Leaders in the Healthcare Trenches: Let's Start Recognizing Nurses for Their Expertise
Why aren't we hearing more about nurse practitioners and nurse mid-wives as part of the solution in the health reform debate? In studies, it has been found that nurse practitioners can effectively manage 80% of primary care. They are leaders with expertise in promoting health and wellness and in chronic disease management.
In a recent CNNMoney list of the top 50 jobs in the U.S., nurse practitioners ranked #4 based on projected job growth over the next 10 years. The career of nurse practitioner received high marks for personal satisfaction (A), future growth (A), benefit to society (A), and job security (B). Ironically, the only low mark was for inherent stress in the role!
An interesting perspective on nurses' value is offered by Sandy and Harry Jacobs, authors of the new book Saving Lives: Why the Media's Portrayal of Nurses Puts Us All at Risk. They make the case that nurses save lives every day but the media usually ignores their vital role in healthcare. The authors share many examples where nurses provide the 24/7 care that saves the lives of military personnel or make critical judgments in Intensive Care Units that avert patient complications, even death.
The authors claim that in countless media stories, the doctor receives credit for care that is actually provided by a team of nurses or other skilled health professionals. While not diminishing the crucial role of hard-working physicians, the lack of recognition for nurses puts the public at risk. Patients die when nurses are understaffed or under-empowered or when "nursing care" is assigned to people who do not possess the necessary skill set.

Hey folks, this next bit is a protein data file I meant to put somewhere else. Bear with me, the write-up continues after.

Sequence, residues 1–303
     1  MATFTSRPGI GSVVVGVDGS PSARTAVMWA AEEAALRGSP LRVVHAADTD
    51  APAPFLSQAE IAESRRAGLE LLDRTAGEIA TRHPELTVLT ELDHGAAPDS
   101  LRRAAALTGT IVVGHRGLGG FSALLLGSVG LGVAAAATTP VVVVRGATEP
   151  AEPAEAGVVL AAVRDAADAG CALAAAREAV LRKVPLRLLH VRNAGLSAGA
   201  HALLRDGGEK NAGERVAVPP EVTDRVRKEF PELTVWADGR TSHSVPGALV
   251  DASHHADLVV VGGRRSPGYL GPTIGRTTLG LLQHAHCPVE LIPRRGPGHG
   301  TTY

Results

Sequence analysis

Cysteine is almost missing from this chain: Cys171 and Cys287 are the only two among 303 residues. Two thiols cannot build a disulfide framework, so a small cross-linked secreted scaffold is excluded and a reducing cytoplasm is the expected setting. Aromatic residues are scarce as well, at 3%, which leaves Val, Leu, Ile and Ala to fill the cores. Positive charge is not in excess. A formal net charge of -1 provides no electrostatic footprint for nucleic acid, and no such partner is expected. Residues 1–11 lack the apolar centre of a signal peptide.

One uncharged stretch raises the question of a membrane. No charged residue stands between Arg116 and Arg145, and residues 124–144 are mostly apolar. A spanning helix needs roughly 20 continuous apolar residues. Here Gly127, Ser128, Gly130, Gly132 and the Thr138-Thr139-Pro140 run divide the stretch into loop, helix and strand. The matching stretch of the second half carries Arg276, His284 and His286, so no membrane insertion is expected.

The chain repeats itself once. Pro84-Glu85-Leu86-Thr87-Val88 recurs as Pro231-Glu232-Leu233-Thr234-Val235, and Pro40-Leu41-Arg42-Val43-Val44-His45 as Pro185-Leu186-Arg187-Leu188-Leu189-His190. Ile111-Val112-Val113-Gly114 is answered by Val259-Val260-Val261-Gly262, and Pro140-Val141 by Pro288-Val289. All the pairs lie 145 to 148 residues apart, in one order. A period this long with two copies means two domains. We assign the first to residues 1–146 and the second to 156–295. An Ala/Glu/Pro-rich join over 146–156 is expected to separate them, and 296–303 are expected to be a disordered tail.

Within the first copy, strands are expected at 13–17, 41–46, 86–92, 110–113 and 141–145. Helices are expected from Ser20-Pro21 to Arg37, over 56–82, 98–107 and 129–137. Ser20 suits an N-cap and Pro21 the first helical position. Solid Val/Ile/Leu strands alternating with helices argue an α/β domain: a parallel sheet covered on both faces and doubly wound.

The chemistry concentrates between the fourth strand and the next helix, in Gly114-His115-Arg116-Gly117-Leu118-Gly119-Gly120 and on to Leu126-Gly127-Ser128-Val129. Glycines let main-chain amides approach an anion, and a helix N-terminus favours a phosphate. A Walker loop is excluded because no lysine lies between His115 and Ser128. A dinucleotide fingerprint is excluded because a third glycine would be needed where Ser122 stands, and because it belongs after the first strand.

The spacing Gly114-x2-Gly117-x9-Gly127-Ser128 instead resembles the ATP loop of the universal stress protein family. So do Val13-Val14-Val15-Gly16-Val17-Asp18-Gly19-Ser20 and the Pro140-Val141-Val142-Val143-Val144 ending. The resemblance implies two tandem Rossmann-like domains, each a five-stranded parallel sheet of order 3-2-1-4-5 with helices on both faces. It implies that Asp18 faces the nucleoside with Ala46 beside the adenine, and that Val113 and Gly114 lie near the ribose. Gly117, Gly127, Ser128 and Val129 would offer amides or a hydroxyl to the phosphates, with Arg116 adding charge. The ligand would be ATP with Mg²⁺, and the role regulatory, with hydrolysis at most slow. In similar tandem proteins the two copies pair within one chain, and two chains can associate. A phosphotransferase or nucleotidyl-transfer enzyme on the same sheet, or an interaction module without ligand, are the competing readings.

The authors succinctly make the following points about the profession:
- Nursing is a distinct scientific field and an autonomous profession
- Nurses follow a holistic practice model that emphasizes preventative care and overall wellbeing
- U.S. nurses are almost always educated at colleges by nurse scholars
- Nurses report to senior nurses, not physicians.
The authors highlight the role and contribution of advanced practice registered nurses (APRNs) who, they point out, are largely ignored within the media as health experts.
The book concludes that nurses are the critical front-line caregivers in healthcare and, to a large extent, our future depends on a better understanding of nursing.
I want to encourage the media to reach out to nurse experts for comments and perspectives in patient care. Many of us have "years in the trenches" and can offer valuable insights into integrative health and healing.
What do you think? As you hear about proposed health care reform, has there been enough emphasis on nursing? Send me a note, I'd like to hear from you.